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The AAPG/Datapages Combined Publications Database

Environmental Geosciences (DEG)


Environmental Geosciences, V. 22, No. 1 (March 2015), P. 118

Copyright copy2015. The American Association of Petroleum Geologists/Division of Environmental Geosciences. All rights reserved.

DOI: 10.1306/eg.09191414008

CO2 injection simulation into the South Georgia Rift Basin for geologic storage: A preliminary assessment

Duke Brantley,1 John Shafer,2 and Venkat Lakshmi3

1Earth Sciences and Resources Institute, University of South Carolina, 1233 Washington Street, Suite 300, Columbia, South Carolina 29208; [email protected]
2Sundance Environmental and Energy Specialists Ltd., 747 West Manhattan Avenue, Santa Fe, New Mexico 87501; [email protected]
3Department of Earth and Ocean Sciences, Earth Sciences and Resources Institute, University of South Carolina, 701 Sumter Street, Columbia, South Carolina 29208; [email protected]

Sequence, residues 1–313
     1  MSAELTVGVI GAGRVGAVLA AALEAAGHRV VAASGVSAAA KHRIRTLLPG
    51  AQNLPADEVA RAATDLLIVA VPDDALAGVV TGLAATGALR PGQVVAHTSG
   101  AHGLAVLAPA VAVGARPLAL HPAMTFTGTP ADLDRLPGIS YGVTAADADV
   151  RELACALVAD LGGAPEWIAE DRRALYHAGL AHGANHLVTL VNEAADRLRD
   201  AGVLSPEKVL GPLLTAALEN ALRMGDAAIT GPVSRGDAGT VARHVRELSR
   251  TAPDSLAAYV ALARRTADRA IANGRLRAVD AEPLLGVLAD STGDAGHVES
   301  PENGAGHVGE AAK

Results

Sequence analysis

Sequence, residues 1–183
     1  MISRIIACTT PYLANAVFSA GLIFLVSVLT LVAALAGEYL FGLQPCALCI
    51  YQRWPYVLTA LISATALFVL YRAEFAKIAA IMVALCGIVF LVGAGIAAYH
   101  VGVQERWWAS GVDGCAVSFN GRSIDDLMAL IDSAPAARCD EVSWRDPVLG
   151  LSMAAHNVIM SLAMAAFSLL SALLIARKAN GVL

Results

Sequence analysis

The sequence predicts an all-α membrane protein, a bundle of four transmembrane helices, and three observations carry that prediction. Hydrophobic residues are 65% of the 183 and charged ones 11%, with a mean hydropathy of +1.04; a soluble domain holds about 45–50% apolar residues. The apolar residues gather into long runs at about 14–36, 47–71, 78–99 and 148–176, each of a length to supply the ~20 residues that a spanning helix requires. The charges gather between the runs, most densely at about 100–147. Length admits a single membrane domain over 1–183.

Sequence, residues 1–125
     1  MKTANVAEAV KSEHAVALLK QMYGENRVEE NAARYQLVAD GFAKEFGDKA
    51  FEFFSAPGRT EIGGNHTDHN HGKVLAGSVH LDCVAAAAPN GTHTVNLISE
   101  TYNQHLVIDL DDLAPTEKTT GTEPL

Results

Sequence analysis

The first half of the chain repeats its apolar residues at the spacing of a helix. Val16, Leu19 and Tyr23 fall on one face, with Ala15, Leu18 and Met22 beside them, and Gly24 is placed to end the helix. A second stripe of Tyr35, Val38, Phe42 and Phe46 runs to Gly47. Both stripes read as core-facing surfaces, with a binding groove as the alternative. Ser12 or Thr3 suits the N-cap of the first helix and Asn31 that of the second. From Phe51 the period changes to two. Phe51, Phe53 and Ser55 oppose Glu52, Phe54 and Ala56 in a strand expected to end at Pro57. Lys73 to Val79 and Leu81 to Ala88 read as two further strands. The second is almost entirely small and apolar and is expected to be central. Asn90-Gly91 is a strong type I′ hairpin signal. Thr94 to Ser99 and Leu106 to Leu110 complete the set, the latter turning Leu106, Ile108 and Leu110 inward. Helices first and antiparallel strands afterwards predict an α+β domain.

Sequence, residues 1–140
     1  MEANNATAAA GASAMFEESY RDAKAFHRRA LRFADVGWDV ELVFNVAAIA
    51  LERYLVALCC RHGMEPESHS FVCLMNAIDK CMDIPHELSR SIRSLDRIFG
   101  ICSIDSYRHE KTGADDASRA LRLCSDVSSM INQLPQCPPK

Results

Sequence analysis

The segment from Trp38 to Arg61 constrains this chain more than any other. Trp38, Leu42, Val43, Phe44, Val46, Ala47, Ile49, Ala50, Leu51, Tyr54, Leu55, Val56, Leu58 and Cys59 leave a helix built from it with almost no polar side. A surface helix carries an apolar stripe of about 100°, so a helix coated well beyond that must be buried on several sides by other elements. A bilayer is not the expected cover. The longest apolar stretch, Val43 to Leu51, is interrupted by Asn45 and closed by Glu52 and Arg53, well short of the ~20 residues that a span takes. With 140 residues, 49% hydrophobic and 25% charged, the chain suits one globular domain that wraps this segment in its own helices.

This study simulated the injection of supercritical phase EG14008eq1 into the South Georgia Rift (SGR) basin to evaluate the feasibility of long-term storage. Because of the lack of basin data, an equilibrium model was used to estimate the initial hydrostatic pressure, temperature, and salinity gradients that represent our study area. For the equilibrium model, the USGS SEAWAT program was used and for the EG14008eq2 injection simulation, TOUGH2-ECO2N was used. A stochastic approach was used to populate the permeability in the injection layer within the model domain. The statistical method to address permeability uncertainty and heterogeneity was sequential Gaussian simulation. The target injection depths are well below the 1 km (∼0.62 mi) depth required to maintain EG14008eq3 as a supercritical fluid. There were very little data pertaining to the properties in the deep Jurassic/Triassic EG14008eq4 SGR basin formations. So, conservative porosity and permeability starting points were postulated using data from analogous basins. This study simulated 30 million tons of EG14008eq5 injected at a rate of 1 million tons per year for 30 yr, which is the minimum capacity requirement by the U.S. Department of Energy (DOE) for a viable EG14008eq6 storage reservoir. In addition to this requirement, a 970-yr shut-in time (no injection) was also simulated to better determine the long-term fate and migration of the injected EG14008eq7 and to ensure that the SGR basin could effectively contain 30 million tons of EG14008eq8. The preliminary modeling of EG14008eq9 injection indicated that the SGR basin is suitable for geologic storage of this U.S. DOE stated minimum capacity.

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